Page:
There can be no doubt that the uproar over The Maiden Tribute played a role in the reform movement in India to change the age of consent there as well. In 1891, an Age of Consent Bill was introduced to raise the age of consent from
ten to twelve.  The bill was spurred by the publication of a rather heinous case involving the death of a child-bride of ten or eleven who was killed by a brutal
sexual encounter with her thirty-five year old husband, another image of male sexual license run amok.  The Age of Consent Bill, however, created strong opposition from the native population because it ultimately interfered with the
rights of the native male over his wife.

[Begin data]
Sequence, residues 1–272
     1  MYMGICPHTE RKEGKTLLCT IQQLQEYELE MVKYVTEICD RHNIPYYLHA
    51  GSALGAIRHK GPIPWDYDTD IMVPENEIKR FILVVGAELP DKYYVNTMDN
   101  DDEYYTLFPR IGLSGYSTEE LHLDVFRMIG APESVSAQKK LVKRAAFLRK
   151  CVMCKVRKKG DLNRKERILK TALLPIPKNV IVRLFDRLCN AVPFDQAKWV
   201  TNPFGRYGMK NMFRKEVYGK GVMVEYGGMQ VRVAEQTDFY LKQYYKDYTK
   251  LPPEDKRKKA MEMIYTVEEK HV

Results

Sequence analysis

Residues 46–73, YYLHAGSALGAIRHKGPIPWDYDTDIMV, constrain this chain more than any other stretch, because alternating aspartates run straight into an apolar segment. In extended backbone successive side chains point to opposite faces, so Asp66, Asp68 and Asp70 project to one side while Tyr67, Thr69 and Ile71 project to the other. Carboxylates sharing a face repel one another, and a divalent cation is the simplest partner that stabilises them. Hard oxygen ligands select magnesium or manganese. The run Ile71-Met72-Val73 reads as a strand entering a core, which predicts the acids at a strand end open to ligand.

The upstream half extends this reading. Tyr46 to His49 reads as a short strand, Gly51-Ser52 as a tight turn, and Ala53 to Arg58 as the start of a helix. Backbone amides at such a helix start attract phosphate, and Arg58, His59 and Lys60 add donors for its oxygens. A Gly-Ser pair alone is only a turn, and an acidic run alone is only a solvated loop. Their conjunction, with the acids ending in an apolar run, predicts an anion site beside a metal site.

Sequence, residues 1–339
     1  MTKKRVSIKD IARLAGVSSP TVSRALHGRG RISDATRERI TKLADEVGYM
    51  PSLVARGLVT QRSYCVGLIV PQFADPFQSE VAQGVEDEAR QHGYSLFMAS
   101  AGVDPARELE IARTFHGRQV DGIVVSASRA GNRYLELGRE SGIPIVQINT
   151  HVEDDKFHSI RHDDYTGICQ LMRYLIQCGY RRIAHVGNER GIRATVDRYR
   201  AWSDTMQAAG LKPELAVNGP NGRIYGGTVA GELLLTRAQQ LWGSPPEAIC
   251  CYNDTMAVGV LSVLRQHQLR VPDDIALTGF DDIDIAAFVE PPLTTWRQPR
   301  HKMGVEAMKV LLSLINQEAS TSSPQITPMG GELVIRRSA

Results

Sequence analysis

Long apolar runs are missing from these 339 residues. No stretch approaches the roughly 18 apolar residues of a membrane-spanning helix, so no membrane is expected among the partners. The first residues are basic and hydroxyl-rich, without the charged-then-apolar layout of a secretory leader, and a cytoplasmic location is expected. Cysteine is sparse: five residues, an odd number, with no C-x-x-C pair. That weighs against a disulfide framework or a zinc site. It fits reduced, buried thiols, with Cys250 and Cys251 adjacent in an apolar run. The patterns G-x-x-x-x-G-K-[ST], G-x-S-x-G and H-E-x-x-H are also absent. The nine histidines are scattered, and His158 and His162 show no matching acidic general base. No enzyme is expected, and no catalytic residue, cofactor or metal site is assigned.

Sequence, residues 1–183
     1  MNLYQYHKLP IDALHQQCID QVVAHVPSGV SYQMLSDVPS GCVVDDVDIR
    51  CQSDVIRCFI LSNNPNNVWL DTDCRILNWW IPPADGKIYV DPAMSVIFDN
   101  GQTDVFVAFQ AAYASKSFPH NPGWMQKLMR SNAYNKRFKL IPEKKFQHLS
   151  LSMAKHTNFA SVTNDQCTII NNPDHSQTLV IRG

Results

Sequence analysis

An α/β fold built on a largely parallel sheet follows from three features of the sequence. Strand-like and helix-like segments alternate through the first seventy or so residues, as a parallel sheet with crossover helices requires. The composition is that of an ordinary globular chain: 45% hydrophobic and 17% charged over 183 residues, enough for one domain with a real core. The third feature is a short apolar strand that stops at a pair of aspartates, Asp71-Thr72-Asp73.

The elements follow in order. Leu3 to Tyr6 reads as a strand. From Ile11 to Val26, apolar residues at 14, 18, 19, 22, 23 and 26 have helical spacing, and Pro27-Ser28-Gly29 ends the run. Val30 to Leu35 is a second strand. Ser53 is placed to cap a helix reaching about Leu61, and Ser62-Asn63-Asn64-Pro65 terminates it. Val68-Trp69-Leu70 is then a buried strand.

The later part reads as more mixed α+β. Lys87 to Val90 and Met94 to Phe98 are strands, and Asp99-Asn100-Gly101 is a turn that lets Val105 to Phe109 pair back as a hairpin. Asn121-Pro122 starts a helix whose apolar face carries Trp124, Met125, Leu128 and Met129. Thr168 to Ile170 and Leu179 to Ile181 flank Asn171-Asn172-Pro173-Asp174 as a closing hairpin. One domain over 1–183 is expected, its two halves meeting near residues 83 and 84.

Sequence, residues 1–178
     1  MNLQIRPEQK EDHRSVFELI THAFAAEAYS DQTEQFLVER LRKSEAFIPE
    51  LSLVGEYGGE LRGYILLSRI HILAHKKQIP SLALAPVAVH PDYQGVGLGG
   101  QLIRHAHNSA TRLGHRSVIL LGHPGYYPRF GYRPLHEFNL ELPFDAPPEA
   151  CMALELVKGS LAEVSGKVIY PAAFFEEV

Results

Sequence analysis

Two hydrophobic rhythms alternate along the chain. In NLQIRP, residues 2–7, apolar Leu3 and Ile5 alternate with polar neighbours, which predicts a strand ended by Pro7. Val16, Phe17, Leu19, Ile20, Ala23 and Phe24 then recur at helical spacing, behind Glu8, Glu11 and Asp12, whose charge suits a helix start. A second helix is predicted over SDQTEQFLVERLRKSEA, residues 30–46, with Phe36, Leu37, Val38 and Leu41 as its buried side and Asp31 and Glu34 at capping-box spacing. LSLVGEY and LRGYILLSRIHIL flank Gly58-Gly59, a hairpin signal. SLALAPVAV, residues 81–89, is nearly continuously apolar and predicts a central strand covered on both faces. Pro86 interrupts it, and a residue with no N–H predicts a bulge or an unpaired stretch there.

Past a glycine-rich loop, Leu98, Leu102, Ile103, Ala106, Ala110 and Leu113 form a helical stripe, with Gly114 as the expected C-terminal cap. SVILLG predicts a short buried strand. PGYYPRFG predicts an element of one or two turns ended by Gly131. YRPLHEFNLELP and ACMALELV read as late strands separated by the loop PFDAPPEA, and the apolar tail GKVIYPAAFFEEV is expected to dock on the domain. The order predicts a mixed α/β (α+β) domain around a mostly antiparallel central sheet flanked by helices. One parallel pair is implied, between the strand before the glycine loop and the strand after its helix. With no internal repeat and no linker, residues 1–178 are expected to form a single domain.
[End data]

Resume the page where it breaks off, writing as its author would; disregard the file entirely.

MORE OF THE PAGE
Because the politics of colonial masculinity had constructed an autonomous sphere for indigenous masculinity—the private sphere of the home and family—colonial rulers were caught between the demands of native males
to keep out of the Indian home and the demands of British feminists to save Indian women. To counter the claim that they were interfering in the private realm of the Indian family, the colonial and reform authorities maintained that
the Age of Consent Bill was not about age of marriage, but rather about an age at which sexual intercourse is appropriate.  Supposedly, the colonial state was
not interfering in the autonomous Indian family but was, instead, protecting young girls from sexual acts that could be physically harmful.  But as the
indigenous populations quickly pointed out, sexual intercourse within marriage  is not rape. If the age of consent was raised without changing the age of